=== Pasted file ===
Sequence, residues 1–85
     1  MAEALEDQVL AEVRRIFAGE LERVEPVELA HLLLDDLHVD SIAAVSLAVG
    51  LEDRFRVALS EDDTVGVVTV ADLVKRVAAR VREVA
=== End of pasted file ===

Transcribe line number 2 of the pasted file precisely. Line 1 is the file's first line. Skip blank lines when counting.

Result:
     1  MAEALEDQVL AEVRRIFAGE LERVEPVELA HLLLDDLHVD SIAAVSLAVG